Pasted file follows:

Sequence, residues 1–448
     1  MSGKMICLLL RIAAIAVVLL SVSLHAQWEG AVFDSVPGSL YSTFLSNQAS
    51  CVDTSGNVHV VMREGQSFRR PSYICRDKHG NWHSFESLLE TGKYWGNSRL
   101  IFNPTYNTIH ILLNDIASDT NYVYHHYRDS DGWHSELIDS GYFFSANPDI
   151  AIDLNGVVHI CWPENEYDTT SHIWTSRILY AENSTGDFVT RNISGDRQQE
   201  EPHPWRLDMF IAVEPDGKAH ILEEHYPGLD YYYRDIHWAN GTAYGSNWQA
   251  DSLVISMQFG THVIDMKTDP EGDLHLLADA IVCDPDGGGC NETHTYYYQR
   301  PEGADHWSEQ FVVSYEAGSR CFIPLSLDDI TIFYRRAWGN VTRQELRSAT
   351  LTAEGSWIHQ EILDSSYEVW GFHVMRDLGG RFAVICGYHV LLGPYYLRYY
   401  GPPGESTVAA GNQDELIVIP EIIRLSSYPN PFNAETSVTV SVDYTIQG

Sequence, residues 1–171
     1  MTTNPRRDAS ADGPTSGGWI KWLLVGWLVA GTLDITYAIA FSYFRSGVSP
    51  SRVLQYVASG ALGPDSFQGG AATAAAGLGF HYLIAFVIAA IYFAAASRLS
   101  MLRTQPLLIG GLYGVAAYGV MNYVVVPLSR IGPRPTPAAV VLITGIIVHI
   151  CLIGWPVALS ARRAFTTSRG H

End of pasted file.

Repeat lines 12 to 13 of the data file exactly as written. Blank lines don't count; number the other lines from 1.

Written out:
     1  MTTNPRRDAS ADGPTSGGWI KWLLVGWLVA GTLDITYAIA FSYFRSGVSP
    51  SRVLQYVASG ALGPDSFQGG AATAAAGLGF HYLIAFVIAA IYFAAASRLS